An insurer standards committee is moving the process forward for including unique device identifiers on insurance claims forms.
Since the start of the UDI system, providers, payers and patient advocates have called for the trackable IDs to be included on claims forms to help the industry more quickly identify dangerous devices and better evaluate outcome data. An advisory committee for Accredited Standards Committee X12, or ASC X12, made its recommendation this week that a device identifier should be a required field on a claims form when a “high-risk implantable device” is implanted or removed.
The recommendation says that the UDI should be included when the provider and payer have mutually agreed or are mandated by law to exchange the information when a device is implanted, or when it's removed due to concerns that it may fail. X12 didn't refer to a specific device risk class as defined by the Food and Drug Administration, but Class III devices are the highest-risk products as defined by the FDA.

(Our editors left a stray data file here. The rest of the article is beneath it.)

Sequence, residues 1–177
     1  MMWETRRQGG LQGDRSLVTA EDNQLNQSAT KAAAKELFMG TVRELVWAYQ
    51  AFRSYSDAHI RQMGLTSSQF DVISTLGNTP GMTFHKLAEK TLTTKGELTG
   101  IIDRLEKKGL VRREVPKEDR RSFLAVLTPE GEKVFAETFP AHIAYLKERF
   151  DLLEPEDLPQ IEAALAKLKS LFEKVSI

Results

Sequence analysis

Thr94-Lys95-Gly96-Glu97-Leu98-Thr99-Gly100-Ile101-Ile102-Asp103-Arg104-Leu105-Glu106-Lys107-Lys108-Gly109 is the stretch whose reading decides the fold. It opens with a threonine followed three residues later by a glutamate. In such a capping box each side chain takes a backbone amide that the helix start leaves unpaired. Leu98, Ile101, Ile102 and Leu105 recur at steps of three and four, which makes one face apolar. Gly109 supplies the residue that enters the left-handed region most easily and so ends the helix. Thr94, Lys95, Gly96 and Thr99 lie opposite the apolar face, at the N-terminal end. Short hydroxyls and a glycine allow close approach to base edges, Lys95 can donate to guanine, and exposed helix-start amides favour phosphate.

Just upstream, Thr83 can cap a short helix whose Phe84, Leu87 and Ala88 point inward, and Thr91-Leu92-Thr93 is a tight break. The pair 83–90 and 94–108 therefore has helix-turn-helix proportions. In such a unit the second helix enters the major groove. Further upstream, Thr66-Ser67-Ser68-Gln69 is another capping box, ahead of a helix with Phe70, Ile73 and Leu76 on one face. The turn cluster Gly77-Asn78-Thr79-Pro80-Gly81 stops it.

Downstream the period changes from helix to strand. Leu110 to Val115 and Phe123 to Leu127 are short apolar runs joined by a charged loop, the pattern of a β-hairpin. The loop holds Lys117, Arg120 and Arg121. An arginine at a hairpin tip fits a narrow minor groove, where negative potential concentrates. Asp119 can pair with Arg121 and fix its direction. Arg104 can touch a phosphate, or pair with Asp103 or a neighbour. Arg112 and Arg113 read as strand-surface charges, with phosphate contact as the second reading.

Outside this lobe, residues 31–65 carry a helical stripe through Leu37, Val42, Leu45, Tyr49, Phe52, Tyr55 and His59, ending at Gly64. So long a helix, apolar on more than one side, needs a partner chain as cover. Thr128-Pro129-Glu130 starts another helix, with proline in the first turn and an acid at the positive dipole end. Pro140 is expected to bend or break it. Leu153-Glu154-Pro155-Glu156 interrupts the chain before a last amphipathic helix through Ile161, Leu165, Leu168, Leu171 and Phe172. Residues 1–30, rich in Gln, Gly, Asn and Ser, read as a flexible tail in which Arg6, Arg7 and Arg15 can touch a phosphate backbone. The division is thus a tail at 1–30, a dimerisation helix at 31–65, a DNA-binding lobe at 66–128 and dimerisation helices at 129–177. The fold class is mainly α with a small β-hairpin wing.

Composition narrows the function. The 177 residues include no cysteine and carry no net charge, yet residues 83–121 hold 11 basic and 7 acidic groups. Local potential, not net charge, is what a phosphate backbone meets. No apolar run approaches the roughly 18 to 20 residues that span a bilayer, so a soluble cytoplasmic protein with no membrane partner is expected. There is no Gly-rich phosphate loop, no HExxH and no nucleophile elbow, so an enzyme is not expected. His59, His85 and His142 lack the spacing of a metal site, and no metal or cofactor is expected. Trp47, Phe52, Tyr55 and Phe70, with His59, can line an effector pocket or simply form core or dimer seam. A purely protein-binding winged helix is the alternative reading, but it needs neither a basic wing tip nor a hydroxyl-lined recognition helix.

Devices that should be included in claims forms include cardiac stents, artificial hips, pacemakers and implantable defibrillators, all of which can pose great harm to a patient if they malfunction, said Ben Moscovitch, manager of health information technology for the Pew Charitable Trusts. Pew is advocating for the inclusion of UDIs on claims forms.
“Adding device information to claims is a commonsense approach to improve patient safety and reduce costs,” Moscovitch said. “There's widespread support across the healthcare system for adding it to claims.”
The Obama-appointed former chiefs of the FDA and the CMS sent a letter to ASC X12's chair last year advocating for including UDIs on the standard claims form that is used by public and private payers alike. EHRs are currently being tweaked to allow providers to record device identifiers in patient records.
There are still many steps to go before UDIs can be implemented in claims forms. X12 must finalize this and other recommendations for claims forms, which must be reviewed by advisory committees and then presented to the CMS to develop the final rule. All of this takes several years, and there's a limited time frame for implementation.
If UDIs doesn't make it on the form this cycle, it may have to wait another decade. The template for the next version of the claims form is expected to be released in 2021, and it could be 10 more years after that before another version is released.